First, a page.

Monday, May 28, 2007

mmmmm carbs, oooohhhhhhhh

When I first moved into my new house, I was introduced to something called "weight management" food. I gathered that one of my new roommates had packed on the pounds in his earlier years, so now everyone was eating this stuff.

This is quality food, don't worry. They use good ingredients, for the most part. But they also use corn, wheat, soy, and rice. Have you ever seen a cat eat corn? Ever wondered if he should make the switch to whole grain? Would you offer a cat tofu?

Let's be honest, here. I have sharp little teeth designed to rend flesh from bone. Open a cow's mouth or, heck, open your own. See those big, flat molars? Those are designed for grinding grain. Now look in my mouth (ok, that's not my mouth). Pointy, vicious little renders!

I need meat. Meat, meat, meat. And sometimes grass. But mostly meat. And bone. And fat. I don't need chips, bread, or pasta.

But I do love them so. That's my problem. I love carbs. Jess has this big tub of food she gives to the stray cats outside. It looks like kids cereal! Everytime she opens it, I can smell all the corn. I stare at the tub, hoping a nugget or two will bounce to the floor. Oh, sweet temptation!

Everyone in the house now eats a high protein dry food that contains no grain at all. It's good and crunchy, but not nearly as satisfying. I like it and I ask for it as much as possible (I don't always get it, but I ask).

Sunday, May 27, 2007

Fat. Healthy, but Fat

I'm huffing my way up the stairs to the litterbox. I have to stop half way and rest. Then I have to stop at the top of the stair and rest. Then I have to rest at the litterbox. This is a dream? Right?

Nope. I thought there had to be something wrong with me (besides my prodigious belly) so I had them take me to the Vet. I admit it, I hate getting in the carrier. It scares the shit out of me. I'm sure I'll never get out or, when I do, I won't know where I am and they'll leave me again. I know, I know. I'm safe and the girls have promised never to leave me. I still squawk in the carrier.

Jess complained the whole time about carrying me in the carrier. "Geez, Mosby! I hope I can make it to the car!" ha ha. I'm not self-conscious enough yet.

The trip was mercifully short but as soon as the carrier was open, I was in a weird place with people poking me. Without so much as dinner first! Everyone kept popping in to stare at me. Truthfully, I was so freaked out about being at the Vet, that the attention was the least of it. It bothered Marlene a lot, though.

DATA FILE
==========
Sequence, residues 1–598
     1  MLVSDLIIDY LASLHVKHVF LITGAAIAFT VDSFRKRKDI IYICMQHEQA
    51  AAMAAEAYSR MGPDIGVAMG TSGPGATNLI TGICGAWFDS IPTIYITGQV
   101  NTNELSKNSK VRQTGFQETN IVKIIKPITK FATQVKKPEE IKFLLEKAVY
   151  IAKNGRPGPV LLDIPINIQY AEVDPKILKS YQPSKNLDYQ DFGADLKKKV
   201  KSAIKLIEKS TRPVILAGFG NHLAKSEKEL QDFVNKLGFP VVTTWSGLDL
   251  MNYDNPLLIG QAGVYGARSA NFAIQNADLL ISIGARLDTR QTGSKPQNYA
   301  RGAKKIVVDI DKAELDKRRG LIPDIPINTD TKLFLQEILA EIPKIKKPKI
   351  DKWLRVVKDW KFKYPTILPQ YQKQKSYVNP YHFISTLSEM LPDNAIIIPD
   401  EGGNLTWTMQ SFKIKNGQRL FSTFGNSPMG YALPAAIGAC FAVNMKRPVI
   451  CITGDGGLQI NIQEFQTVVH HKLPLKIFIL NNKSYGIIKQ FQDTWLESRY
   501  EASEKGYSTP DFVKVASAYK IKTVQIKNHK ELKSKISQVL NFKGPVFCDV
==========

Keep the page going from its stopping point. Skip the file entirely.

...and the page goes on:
The Vet prodded, massaged, felt, and listened. She drew blood (three tries, thank you. I've got three bald spots now!). I tried to maintain some dignity in all of this: I refused to give them a urine sample. Ha! Of course, two days later I found Jess holding a little dustpan under my ass while I peed in the box. At least I made her work for it.

But guess what kids: I'm fine. My thyroid levels aren't low. My red and white cells are fine. There was no sugar in my urine. I'm fat. But I'm not sick.

Now I'm on Atkins. I kid you not.

Thursday, May 24, 2007

Hi, my name is Mosby, and I'm a carb addict.

My name is Mosby. I'm 8 years old and I've always been a big guy. Even when I was young and fit I was tall and hefty. I didn't have to work at it, I just played with my brother and did the stuff you do when you're young. And I ate whatever they put in front of me!

I was comfortable and happy in my home, even when they had me and my brother declawed (I'll get to that in another post). Then, seven years into what I thought was a great relationship, my world turned upside down.

My people, the ones who raised us and loved us, abandoned us. We found ourselves homeless and living in rescue (better than the shelter, yes, but still not home). By then, I was up to 18 pounds. I was hefty, but I could still play and get around easily. But this, this upheaval, left me shattered. Like many of you, I turned to food.

Food made me happy. Food made me feel better. Food didn't go away. So I ate.

We went into a foster home with loving people and interesting roommates. There was always food there, too. This time it was "weight management" food. Great! I thought. It's light! I can eat as much as I want! So I ate. A lot.

Before my foster family knew it, I'd packed on nine pounds! They moved the wonderful food so I had to climb to get it. I climbed. I ate. I ate a lot more.

The nice foster people adopted me and my brother after a year. They're wonderful, kind, gentle, and really care about us. They're very worried about me. I don't move around well. I breathe heavy. I'm constipated. They tried other foods, but what I really want is kibble. They're nice, they give me a few pieces with every bowl of moist food. But my wonderful food, my constant companion, is out of reach.

I'm on a diet, kids. I'm not happy about it. But I really have no say. We went to the doctor, ran all kinds of tests. More on that in the next post.